The First Black Rambler

Ben Bluitt, Loyola’s first African-American player, became head coach at Cornell in 1974.

According to Arthur Ashe’s book A Hard Road to Glory, the history of blacks playing basketball for predominantly white colleges goes back at least as far as 1904, when Samuel Ransom, a four-sport athlete from Chicago, starred for Beloit College in southern Wisconsin. Over the next 40 years, however, the list is short and studded with the names of exceptional figures like Paul Robeson (Rutgers, 1915-1918), Ralph Bunche (UCLA, 1921-22), and Jackie Robinson (UCLA, 1939-41). As with so many aspects of modern American life, the big changes began at the end of World War II, when military service prompted blacks to seek their due in mainstream society.

Loyola’s first black player (as best we can determine) was Ben Bluitt, who starred at Englewood High School and served in the Army Air Force before enrolling at Loyola in 1946. He later coached at DuSable and Farragut high schools in Chicago, as an assistant at the University of Detroit (another Jesuit institution), and at Cornell, where he was the first black head coach (and second, by a season, in the Ivy League).

Chicago’s black newspaper, the Defender, watched closely as Bluitt and Loyola stumbled through unfamiliar territory. Early in Bluitt’s first season, when he was the second-string center, the paper announced a misstep: “Loyola Coach Meekly Bows to Texas Jim Crow,” the headline charged. Coach Tom Haggerty had decided to leave Bluitt home as the team made a three-game swing through Texas to play SMU and Texas Christian.

Earlier the Defender had cheered the University of Nevada for better dealing with a similar problem. Before a football game that Nevada had scheduled at Mississippi State College, Mississippi State’s athletic director, C.R. “Dudy” Noble (whom we will meet again), wrote to Nevada suggesting that they might want to travel without two of their star players, both veterans of the war who happened to be black. Their presence in his state would “cause unfortunate commotion,”  Noble explained. Nevada rebuffed the suggestion and canceled the game.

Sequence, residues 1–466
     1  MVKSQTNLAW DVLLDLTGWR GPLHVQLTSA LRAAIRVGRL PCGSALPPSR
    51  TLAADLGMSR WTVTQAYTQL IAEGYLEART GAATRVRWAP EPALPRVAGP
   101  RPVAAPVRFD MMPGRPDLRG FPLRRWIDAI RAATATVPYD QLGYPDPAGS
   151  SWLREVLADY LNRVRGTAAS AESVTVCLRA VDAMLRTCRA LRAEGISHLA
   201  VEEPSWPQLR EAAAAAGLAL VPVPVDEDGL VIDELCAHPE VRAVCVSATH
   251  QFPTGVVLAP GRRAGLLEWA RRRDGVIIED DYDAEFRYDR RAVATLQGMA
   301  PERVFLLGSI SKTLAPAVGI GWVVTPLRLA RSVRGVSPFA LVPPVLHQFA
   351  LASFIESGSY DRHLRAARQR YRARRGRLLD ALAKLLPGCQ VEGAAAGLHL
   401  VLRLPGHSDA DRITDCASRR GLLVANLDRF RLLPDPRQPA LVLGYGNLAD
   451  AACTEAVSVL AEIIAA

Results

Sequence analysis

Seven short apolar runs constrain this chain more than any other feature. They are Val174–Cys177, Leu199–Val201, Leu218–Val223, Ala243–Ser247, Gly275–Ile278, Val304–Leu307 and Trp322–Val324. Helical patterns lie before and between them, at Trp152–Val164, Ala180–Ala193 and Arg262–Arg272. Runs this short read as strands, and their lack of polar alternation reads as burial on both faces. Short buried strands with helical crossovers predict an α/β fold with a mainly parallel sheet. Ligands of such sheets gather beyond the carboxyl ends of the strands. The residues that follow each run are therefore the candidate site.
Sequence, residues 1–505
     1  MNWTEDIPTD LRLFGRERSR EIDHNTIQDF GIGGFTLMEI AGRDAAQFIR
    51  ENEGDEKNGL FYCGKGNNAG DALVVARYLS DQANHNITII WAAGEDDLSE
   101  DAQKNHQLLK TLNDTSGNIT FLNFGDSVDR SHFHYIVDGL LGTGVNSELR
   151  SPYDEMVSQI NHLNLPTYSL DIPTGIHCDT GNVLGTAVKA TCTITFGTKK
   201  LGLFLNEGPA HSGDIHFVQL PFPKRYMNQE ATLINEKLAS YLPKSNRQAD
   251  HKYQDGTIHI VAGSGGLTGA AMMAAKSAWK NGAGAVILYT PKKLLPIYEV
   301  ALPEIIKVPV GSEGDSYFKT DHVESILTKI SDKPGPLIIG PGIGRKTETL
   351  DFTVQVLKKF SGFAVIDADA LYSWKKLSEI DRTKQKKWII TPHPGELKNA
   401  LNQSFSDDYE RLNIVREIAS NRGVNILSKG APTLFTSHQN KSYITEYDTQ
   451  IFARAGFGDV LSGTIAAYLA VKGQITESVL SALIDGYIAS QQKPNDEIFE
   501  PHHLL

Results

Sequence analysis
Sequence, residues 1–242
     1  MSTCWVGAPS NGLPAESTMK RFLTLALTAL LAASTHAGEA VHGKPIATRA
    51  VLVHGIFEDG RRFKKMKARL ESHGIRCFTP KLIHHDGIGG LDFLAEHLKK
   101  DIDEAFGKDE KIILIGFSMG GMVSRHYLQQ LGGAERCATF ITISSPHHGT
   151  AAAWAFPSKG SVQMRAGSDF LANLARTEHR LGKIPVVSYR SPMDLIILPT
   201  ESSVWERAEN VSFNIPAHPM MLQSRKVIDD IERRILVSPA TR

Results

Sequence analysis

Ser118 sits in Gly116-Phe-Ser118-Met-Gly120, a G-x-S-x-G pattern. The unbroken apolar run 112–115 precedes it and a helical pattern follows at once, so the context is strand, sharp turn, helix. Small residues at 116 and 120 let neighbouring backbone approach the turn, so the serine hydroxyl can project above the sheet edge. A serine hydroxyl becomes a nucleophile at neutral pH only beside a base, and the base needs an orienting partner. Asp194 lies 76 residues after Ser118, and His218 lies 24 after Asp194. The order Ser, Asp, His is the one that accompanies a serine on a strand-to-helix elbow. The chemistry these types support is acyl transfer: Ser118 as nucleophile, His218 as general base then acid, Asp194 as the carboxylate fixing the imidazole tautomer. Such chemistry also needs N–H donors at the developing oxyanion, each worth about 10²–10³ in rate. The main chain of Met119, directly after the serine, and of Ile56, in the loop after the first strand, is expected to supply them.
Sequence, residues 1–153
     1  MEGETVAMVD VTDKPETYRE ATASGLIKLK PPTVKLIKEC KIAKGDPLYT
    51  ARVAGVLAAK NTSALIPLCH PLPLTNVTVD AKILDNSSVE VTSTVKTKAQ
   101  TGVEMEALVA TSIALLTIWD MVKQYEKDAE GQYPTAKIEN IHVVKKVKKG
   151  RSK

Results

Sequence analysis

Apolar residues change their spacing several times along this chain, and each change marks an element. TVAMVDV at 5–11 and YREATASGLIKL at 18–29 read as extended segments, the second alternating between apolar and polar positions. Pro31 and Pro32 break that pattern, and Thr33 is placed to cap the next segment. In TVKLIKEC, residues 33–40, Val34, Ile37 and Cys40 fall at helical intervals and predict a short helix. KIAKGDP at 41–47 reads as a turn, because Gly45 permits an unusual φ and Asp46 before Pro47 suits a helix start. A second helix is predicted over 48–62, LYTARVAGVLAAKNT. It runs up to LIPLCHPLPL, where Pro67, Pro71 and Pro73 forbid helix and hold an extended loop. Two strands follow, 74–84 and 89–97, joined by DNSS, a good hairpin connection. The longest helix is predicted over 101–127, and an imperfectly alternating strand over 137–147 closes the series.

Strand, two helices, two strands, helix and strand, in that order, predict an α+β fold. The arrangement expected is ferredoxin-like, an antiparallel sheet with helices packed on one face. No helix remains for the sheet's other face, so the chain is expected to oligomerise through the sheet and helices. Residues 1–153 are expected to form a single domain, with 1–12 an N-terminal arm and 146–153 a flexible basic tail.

Just a few days later, a similar controversy kieboshed a football game between Penn State and Miami of Florida.  The Defender reported that this game had been arranged about a year before, after several years of trying byMiami officials. But when they realized that Penn State’s roster would include two blacks, they objected that it would be “difficult to carry out arrangements.”Penn State’s dean of athletics advised Miami that the two players were “regular members of the Penn State football squad” and would not be left home. Instead, Penn State canceled the game.

Compared to these righteous acts, the Defender found Loyola’s treatment of Ben Bluitt wanting. Coach Haggerty tried to soften the insult by insisting that Bluitt would play when the Texas teams came to Chicago later in the season, but the Defender wasn’t satisfied. “Loyola had a chance to stand out and prove to the world that it stood for equality of opportunity and equality of justice. It failed.” When the Texas teams came north, a Defender headline jeered “Hurrah! Haggerty uses Ben Bluitt Against Crackers.”

Unfortunately, having defeated SMU in Texas without Bluitt, Loyola lost on their home court with him.